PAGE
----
Today’s incident demands on the fireground are unlike those of the recent past, requiring incident commanders and commanding officers to have increased technical knowledge of building construction with a heightened sensitivity to fire behavior, a focus on operational structural stability and considerations related to occupancy risk versus the occupancy type.
There is an immediate need for today’s emerging and operating command and company officers to increase their foundation of knowledge and insights related to the modern building occupancy, building construction and fire protection engineering and to adjust and modify traditional and conventional strategic operating profiles in order to safeguard companies, personnel and team compositions.
Strategies and tactics must be based on occupancy risk, not occupancy type, and must have the combined adequacy of sufficient staffing, fire flow and tactical patience orchestrated in a manner that identifies with the fire profiling, predictability of the occupancy profile and accounts for presumptive fire behavior.
The dramatic changes in buildings and occupancies over the past ten years have resulted inadequate fire suppression methodologies based upon conventional practices that do not align with the manner in which we used to discern with a measured degree of predictability how buildings would perform, react and fail under most fire conditions.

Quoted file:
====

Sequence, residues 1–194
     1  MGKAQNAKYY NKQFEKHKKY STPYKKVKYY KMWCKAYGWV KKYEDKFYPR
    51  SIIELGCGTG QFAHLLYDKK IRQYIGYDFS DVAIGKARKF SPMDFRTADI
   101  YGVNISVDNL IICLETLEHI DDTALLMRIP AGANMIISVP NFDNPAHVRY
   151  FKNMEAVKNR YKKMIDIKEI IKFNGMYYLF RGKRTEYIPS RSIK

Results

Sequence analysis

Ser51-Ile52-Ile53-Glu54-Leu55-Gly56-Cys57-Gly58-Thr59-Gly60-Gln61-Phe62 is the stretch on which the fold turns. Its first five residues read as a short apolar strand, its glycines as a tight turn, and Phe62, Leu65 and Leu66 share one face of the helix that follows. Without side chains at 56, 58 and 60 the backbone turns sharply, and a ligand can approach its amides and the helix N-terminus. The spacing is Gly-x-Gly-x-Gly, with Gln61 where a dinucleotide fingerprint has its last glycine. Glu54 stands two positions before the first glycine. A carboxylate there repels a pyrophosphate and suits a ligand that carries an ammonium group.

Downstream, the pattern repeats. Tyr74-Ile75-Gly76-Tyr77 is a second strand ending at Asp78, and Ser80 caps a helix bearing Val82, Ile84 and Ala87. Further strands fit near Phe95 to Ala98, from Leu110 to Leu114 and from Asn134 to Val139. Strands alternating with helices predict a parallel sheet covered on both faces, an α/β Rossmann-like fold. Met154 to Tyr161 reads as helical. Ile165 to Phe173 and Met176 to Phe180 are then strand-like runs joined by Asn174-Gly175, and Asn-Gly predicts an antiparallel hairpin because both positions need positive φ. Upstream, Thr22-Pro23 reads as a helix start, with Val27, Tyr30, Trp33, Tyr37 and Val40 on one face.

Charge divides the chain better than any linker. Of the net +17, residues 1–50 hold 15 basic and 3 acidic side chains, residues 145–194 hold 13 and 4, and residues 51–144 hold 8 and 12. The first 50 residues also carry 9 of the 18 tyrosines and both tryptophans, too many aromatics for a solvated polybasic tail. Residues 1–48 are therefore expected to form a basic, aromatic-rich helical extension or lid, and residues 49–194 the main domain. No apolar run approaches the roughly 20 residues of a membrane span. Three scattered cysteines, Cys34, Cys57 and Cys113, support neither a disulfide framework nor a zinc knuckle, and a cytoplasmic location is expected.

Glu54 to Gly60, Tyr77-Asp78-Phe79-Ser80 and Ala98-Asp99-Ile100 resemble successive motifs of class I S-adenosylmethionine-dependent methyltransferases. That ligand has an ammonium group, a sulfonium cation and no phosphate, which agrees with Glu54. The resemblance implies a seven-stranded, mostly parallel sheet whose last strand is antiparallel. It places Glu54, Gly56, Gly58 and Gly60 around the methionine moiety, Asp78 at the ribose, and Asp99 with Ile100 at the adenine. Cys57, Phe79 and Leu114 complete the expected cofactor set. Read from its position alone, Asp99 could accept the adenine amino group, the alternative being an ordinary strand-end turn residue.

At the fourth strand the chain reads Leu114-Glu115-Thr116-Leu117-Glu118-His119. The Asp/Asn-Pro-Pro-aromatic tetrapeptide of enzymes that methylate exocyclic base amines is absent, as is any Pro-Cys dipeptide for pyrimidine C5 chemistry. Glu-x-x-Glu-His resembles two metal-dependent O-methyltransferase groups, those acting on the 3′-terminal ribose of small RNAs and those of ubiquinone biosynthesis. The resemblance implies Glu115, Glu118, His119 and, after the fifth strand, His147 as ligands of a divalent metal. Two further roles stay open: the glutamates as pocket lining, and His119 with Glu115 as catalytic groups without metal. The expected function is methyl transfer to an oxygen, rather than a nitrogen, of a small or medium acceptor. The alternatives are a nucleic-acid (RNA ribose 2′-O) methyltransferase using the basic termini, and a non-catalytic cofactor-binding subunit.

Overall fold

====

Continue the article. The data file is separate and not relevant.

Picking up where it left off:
We predicate certain expectations that fire will travel in a defined (predictable) manner that fire will hold within a room and compartment for a predictable given duration of time; that the fire load and related fire flows required will be appropriate for an expected size and severity of fire encountered within a given building, occupancy, structural system and given an appropriately trained and skilled staff to perform the requisite evolutions, we can safely and effectively mitigate a structural fire situation in any given building type and occupancy.
Past operational experiences, both favorable and negative; gave us experiences that define and determine how the fireground is assessed, react and how we expect similar structures and occupancies to perform at a given alarm in the future; this formed the basis for the naturalistic decision-making process.
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